This Study (well worth the read, and only a few pages of quotations from it are in the Report) continues that “known cases involving strangers are extremely rare”. Thus also “the threat of Internet-initiated sex crimes committed by strangers appears to be extremely exaggerated”. Nor do they often involve “prepubescent children”. (169/C-3)

“Significant deception does not appear to be common” in these encounters. (170/C-4)

I am very much impressed that a Study like this got into the Report. It tells me that the Report staff or the reviewing authorities were not all convinced that they wanted to participate in a replay of the SO Mania ‘research’ of 10 and 20 years ago.

Appendix F is a “Synthesis of Major Studies” that starts on page 215/F-1. One study found that girls were twice as likely as boys to be solicited over the internet; youth who were at least 15 years old accounted for almost 2/3s of the exposure incidents; of the ‘adults’ who accounted for 24 percent of online solicitations, most were between 18 and 25; only 4 percent were over 25. (231/F-17)

There is a 50-50 split between adolescents who are troubled and those not troubled who use the internet to arrange offline meetings. (232/F-18)

I would recommend Appendices C and F especially highly.

So then, what do I think?

First, it is clear that AWA has been for all practical purposes ignored – although what stratagems may be involved in that I can’t say for sure. But it seems that ‘sex offenders’ as they have been classically known are yesterday’s news for the government. Perhaps the weight of judicial complications and the chance that the SORNA regime actually has evolved into ‘punishment’, crossing the magic Constitutional line, has become for the government a game no longer worth the candle.

But, second, this ‘children-internet’ initiative may be something devised to distract from the government’s backing-away from the 2-decade old classical SO Mania and its regime. Yet, in best Beltway style, those already on the bandwagon will not be kicked to the curb: clearly, much government money (such as the term applies these days) will still be forth-coming.

Yet, in my view, history is never static and you can’t step into the same river twice – not even if you’re a government. Thus, although the strategy might have been to simply start-up ‘another sex-offense Mania’, such a strategy is not taking place in the same ‘world’ that the now-classic one took place in. Apparently there are persons in government, certainly in research, who don’t wish to repeat what they have seen going on all over the country for 20 years.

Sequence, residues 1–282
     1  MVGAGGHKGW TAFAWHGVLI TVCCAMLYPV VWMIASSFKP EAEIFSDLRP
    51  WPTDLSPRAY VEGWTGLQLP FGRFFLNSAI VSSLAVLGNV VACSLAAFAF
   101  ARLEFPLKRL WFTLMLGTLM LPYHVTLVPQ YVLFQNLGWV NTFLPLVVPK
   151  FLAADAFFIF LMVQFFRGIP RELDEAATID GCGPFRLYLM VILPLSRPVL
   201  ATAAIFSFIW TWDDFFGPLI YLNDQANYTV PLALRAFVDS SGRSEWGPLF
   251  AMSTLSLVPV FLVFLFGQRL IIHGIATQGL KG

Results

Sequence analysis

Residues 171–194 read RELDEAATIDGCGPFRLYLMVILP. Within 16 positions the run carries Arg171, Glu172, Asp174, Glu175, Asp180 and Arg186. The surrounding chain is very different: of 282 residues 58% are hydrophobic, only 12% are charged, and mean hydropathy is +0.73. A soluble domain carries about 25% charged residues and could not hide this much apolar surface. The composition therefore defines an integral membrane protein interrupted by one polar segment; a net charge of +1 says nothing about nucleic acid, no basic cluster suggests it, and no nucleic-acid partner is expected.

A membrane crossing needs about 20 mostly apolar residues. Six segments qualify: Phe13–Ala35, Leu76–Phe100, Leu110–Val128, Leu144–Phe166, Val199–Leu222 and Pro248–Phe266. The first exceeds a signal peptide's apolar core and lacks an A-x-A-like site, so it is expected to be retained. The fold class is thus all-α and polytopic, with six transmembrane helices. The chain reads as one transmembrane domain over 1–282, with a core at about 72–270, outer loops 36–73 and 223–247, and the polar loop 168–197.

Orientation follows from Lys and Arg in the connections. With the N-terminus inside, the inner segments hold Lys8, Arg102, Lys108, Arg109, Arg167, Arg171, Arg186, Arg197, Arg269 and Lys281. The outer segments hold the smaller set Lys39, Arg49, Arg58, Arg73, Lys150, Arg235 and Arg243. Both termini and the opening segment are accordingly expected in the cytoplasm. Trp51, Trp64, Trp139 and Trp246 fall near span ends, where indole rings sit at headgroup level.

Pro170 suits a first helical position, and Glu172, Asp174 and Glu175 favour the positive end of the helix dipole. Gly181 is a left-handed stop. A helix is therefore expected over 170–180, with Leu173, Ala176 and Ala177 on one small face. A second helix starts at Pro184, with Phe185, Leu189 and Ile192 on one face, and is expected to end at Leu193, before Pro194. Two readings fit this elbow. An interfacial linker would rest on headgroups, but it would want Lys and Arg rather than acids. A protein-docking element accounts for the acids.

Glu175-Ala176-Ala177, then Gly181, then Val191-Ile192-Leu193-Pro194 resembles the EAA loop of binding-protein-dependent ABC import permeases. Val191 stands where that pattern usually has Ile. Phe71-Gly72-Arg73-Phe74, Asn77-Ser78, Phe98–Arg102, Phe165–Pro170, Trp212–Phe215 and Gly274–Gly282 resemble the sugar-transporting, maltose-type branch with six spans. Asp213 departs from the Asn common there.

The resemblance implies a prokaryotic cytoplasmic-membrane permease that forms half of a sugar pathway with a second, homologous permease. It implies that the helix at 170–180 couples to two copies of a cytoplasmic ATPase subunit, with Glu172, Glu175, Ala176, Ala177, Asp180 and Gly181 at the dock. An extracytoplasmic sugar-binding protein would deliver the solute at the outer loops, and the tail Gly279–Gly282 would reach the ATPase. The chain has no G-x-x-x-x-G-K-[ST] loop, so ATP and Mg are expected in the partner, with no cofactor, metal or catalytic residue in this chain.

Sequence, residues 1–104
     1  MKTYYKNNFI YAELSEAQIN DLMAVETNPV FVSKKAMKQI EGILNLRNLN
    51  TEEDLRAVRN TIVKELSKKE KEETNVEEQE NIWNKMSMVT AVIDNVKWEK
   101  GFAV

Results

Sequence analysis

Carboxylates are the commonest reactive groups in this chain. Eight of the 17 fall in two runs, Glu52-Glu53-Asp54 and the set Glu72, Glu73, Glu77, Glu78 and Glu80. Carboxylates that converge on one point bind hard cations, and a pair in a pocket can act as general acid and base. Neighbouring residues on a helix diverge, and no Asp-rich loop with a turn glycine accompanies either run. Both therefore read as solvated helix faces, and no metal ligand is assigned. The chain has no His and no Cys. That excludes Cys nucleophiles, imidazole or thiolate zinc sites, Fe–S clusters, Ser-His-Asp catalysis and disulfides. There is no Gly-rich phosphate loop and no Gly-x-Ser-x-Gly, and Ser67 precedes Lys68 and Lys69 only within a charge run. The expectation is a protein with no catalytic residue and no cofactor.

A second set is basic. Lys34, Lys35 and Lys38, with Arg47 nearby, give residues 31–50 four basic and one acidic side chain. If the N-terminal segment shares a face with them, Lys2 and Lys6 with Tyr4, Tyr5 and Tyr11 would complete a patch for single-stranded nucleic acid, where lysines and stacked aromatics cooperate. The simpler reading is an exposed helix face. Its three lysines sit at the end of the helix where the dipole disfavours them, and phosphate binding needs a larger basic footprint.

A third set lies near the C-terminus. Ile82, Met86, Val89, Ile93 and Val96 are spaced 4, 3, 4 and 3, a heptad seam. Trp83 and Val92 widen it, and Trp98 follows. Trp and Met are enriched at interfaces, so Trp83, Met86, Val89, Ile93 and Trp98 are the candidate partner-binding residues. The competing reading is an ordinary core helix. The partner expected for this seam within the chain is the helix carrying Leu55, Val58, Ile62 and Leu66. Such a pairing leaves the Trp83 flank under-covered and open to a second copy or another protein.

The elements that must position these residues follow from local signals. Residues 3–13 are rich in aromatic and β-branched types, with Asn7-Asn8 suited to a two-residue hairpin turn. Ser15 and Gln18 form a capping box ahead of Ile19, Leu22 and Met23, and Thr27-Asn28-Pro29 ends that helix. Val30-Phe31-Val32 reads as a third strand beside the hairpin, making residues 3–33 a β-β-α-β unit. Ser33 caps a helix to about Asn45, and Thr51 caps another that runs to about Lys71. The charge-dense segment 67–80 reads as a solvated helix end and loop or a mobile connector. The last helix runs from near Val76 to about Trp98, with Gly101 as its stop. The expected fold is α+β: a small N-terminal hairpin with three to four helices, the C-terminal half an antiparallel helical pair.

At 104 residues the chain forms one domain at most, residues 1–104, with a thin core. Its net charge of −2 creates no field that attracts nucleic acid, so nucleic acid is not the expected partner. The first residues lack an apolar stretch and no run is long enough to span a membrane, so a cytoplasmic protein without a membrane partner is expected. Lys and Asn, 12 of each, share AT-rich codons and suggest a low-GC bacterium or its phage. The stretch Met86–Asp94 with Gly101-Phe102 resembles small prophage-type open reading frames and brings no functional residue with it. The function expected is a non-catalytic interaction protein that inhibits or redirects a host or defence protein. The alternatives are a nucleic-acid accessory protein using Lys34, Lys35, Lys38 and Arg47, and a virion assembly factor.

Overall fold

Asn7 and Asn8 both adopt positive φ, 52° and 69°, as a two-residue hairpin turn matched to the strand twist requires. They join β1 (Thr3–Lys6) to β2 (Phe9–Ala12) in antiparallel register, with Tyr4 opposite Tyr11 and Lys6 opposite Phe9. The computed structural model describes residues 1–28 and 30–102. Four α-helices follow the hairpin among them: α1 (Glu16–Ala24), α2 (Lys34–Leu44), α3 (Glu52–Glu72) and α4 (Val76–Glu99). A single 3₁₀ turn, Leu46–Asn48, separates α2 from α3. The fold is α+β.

But ‘the children’ are a sure-fire draw and there is some legitimate cause for concern (although, as the studies I noted demonstrate, the problem is either being hugely exaggerated or wrongly-aimed, or both).

And this initiative, if it follows the stats reported in those studies, is going to have to start intruding in the lives of a large bunch of heretofore ‘normal’ people, since rarely are ‘strangers’ and actually ‘adult strangers’ involved in this sort of thing. I’m not sure how politically palatable that’s going to be for the program's political enablers.

Third, ‘sex offenders’ seem to be yesterday’s news, replaced by Internet Child Sexual Predators and Exploiters. And while there is a habitual reference by the USMS to this new type of sex-offender, there is no real effort to drum up the hysterical/maniacal response that characterized the wrecking-job done on Sex Offenders during the classical phase.

Fourth, the classical cartoon of the Stranger Sex Offender is clearly not going to be applicable to this new initiative.

Fifth, as with everything nowadays proposed, it's all subject to what I call The National Situation: there is no real money or public wealth left and it’s hardly inconceivable that the world’s governments might choose to dismiss the Dollar as the planet’s reserve currency. In which case, the government will be hard-pressed to keep its essential services going, let alone toss around ‘funding’ for some of the more baroque excresences of the Advocacy-Industrial Complex.

So I’d recommend to you the Executive Summary at the beginning of this Report, and Appendices C and F.

And I’d say that this Initiative is more than just another encouraging straw in the wind.